There’s also a chargrilled lamb rump with slow cooked belly on at the moment, which sounds like strong competition for the beef. Puddings are also excellent and if you’ve room then the sticky toffee pudding, served with banana ice cream and pistachios, is a delight.

The Bull and Last, 168 Highgate Road, NW5 1QS


Drapers Arms

6. The Drapers Arms

Were N1 house prices not quite so prohibitive, we’d fully consider moving to Islington just to have The Drapers Arms on our well-to-do doorstep. Ever popular, thanks to its seasonally reflective and well-sourced menu served all week long, this neighbourhood pub and dining room really comes into its own on a Sunday afternoon.

Gather yourselves a group together and head down to share a whole roast chicken with bread sauce, huge slow cooked shoulder of lamb or the roast forerib of beef and Yorkshire pudding – all come with carrots, green, roasties and gravy and they’re all fabulous. If your heart is set on a sharing roast, be sure to call ahead so they’ll save you one. There’s a garden too; bonus.

The Drapers Arms, 44 Barnsbury Street N1 1ER


Temper

5. Temper

A surprise entry from the trendy taco and mezcal purveyors, but come Sunday, chef/owner and all round barbecue expert Neil Rankin puts his meaty knowledge to good use by serving up roast leg of beef, shoulder of lamb or porchetta stuffed with rhubarb, fennel and sage with some of the most greed-inducing sides around: beef fat roast potatoes, shallots, lamb fat minted peas, carrots, fennel, Yorkshire puddings and – wait for it – beef fat cauliflower cheese.

If that’s not enough for you, then there’s always the option to order entire animals or larger cuts up for smoking: we’re severely tempted by the whole Gressingham duck and the grilled Gloucester Old Spot pork rib eye and they’re good value too, generally working out around £25-30 per head. Just thinking about it gives us the meat sweats (in a good way). There’s also bottomless gravy and some serious cocktails to be had.

Temper, 25 Broadwick Street W1F 0DF


Anchor and Hope

4. Anchor & Hope

One of the original London gastropubs (a word not to be bandied about), the Anchor & Hope still commands long waiting lists – it’s no-bookings – years later. The ingredients and cooking are British, with a leaning towards the nose-to-tail approach, inventive and truly excellent.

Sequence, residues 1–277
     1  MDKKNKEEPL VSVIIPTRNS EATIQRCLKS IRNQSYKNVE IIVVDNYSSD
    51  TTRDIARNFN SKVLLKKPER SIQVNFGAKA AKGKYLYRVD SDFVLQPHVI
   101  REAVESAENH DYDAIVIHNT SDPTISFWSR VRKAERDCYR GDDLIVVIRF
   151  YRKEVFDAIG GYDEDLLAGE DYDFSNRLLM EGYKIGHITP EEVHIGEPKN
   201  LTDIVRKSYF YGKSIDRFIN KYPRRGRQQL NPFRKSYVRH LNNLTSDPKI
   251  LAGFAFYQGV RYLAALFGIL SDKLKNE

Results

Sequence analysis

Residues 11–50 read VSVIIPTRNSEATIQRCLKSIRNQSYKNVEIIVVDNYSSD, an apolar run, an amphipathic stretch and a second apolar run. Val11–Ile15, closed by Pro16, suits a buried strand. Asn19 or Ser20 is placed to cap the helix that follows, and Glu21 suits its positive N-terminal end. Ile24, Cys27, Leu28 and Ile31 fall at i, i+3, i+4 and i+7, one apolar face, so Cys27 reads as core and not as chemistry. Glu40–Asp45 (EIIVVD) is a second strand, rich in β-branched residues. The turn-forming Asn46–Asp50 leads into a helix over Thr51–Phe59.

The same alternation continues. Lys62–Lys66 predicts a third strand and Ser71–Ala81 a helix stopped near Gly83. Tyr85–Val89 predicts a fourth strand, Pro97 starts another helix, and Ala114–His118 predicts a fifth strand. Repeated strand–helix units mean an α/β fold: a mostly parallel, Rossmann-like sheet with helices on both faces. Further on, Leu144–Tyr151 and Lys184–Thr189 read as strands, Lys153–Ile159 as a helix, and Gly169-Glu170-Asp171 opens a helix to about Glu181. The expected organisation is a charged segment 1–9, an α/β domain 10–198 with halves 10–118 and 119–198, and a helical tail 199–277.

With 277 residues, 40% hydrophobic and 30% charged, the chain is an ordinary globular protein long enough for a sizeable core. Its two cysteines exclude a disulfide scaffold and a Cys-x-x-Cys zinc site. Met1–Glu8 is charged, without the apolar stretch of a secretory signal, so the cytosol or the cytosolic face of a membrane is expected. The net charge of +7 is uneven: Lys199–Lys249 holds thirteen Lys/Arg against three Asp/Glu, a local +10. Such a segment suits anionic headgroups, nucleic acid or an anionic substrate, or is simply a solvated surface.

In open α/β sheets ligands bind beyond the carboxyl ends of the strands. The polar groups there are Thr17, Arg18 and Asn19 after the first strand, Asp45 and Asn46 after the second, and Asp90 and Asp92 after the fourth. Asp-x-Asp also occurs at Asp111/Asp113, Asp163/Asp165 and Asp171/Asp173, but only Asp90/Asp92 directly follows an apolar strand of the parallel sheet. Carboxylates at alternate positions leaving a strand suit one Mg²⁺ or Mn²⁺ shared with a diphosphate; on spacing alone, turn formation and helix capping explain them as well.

Expect to wait at any time of the week, but of course, Sundays are particularly high demand. We’d start with the duck hearts on toast and then wolf down a seven hour Swaledale lamb neck (nice to see this cut being used) with tomato and fennel seeds and gratin dauphinoise, sharing begrudgingly. At £33.60 for the sharing lamb, we’d say that’s more than fair. Puddings are classic, like the cherry and almond tart with clotted cream or the crème caramel. The Anchor & Hope has definitely still got it.

The Anchor & Hope, 36 The Cut, SE1 8LP


Beef pie at The Camberwell Arms

3. The Camberwell Arms

Spawned from the same family as the aforementioned Anchor & Hope, this South London foodie destination has legions of loyal fans who can’t get enough of its global-inspired daily changing menus. Don’t come expecting a traditional Sunday roast; here you might find pies, large cuts of meat or whole roasted chickens ready to be taken to the table for self-carving, but they’ll be served with giant platters of something altogether more exciting than your run-of-the-mill Yorkshire pudding – perhaps with roast potatoes, watercress and aioli or swiss chard and a Jerusalem artichoke gratin, for example.

Vegetarians are treated well, with ever more inventive ways of serving up greenery appearing throughout the menu, and everything is achingly seasonal. Go, if you can get a table. There is, thank the Lord, a well-functioning bookings system at least.

The Camberwell Arms, 65 Camberwell Church Street, SE5 8TR


Jugged Hare Sucking Pig

2. The Jugged Hare

Weekend lunch pickings can be slim in the City, with so many of the usual go-to places shutting down until the work week re-commences, but if you find yourself near to The Jugged Hare then you’re in luck. Close to Barbican, this trussed up pub is from the almost-always-excellent ETM group (The Botanist, The Hat & Tun, The White Swan and more) so you’re in safe hands. The Jugged Hare is – shocker – known for its game and offers whatever happens to be in season, as well as the dish of its namesake, hare, gently stewed in its own blood.

More importantly, their Sunday roast game is strong with a whole suckling pig for four straight off the spit and served with greens, heritage potatoes and gravy, plus regular ‘spit specials’. We also love the fact they are doing a braised oxtail for two with bone marrow mash (yes please), garlic kale and the braising juices. We’ll also take a side of the Herefordshire snails in garlic and parsley once we’ve finished munching on the crispy pigs ears snack and the braised trotter starter. Perhaps not so much for veggies, this one.

The Jugged Hare, 49 Chiswell Street, EC1Y 4SA


Blacklock meat

1. Blacklock

Can we all agree that Blacklock has secured itself a comfortable spot in first place for the best Sunday roast in London, nay, the whole country? Following the out and out success of its chops, chops and more chops during the week (go on Monday when they’re at butchers’ prices) Blacklock turned their hand to an almost-traditional Sunday lunch, and goodness, what a lunch it is.

We can’t really call it a traditional Sunday roast, as while the joints of meat are those you’d expect (55 days aged rump, Cornish lamb leg, Middlewhite pork loin) the difference is that they are hung whole over the smoking coals and English oak chips of the grill, allowing the meat juices to drip down and infuse the meat further with the resulting smoke. The finished article is impossibly juicy, still-pink meat with the added bonus of barbecue flavour; then it’s all served up with giant Yorkshires, duck fat roast potatoes, veggies and a bone marrow gravy. There are all sorts of extra sides and sauces should you wish, but if you’re going all in – and you must – then we doubt you’ll have room. A superlative Sunday roast and don’t even get us started on the fab drinks list.

Blacklock, 24 Great Windmill Street, W1D 7LG and 13 Philpot Lane, EC3M 8AA